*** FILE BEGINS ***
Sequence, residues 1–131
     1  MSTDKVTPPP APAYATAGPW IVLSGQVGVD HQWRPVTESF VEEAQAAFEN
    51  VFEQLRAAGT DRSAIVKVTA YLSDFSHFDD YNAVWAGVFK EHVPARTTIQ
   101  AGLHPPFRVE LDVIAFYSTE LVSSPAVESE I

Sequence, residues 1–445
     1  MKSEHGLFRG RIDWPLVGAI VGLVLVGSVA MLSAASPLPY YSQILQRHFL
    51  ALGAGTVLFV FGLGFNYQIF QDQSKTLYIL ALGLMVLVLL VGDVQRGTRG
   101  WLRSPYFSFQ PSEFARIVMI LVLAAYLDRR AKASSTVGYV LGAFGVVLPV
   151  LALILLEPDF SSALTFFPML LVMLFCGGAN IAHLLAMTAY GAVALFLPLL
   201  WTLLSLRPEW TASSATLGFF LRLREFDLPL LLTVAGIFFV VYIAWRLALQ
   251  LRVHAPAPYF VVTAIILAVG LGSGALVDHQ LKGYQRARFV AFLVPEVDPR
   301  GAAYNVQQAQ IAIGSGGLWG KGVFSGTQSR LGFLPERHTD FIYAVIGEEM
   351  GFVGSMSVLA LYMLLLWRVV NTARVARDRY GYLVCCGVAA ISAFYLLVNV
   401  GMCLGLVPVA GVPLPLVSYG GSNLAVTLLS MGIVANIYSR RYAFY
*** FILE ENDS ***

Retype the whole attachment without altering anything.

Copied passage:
Sequence, residues 1–131
     1  MSTDKVTPPP APAYATAGPW IVLSGQVGVD HQWRPVTESF VEEAQAAFEN
    51  VFEQLRAAGT DRSAIVKVTA YLSDFSHFDD YNAVWAGVFK EHVPARTTIQ
   101  AGLHPPFRVE LDVIAFYSTE LVSSPAVESE I

Sequence, residues 1–445
     1  MKSEHGLFRG RIDWPLVGAI VGLVLVGSVA MLSAASPLPY YSQILQRHFL
    51  ALGAGTVLFV FGLGFNYQIF QDQSKTLYIL ALGLMVLVLL VGDVQRGTRG
   101  WLRSPYFSFQ PSEFARIVMI LVLAAYLDRR AKASSTVGYV LGAFGVVLPV
   151  LALILLEPDF SSALTFFPML LVMLFCGGAN IAHLLAMTAY GAVALFLPLL
   201  WTLLSLRPEW TASSATLGFF LRLREFDLPL LLTVAGIFFV VYIAWRLALQ
   251  LRVHAPAPYF VVTAIILAVG LGSGALVDHQ LKGYQRARFV AFLVPEVDPR
   301  GAAYNVQQAQ IAIGSGGLWG KGVFSGTQSR LGFLPERHTD FIYAVIGEEM
   351  GFVGSMSVLA LYMLLLWRVV NTARVARDRY GYLVCCGVAA ISAFYLLVNV
   401  GMCLGLVPVA GVPLPLVSYG GSNLAVTLLS MGIVANIYSR RYAFY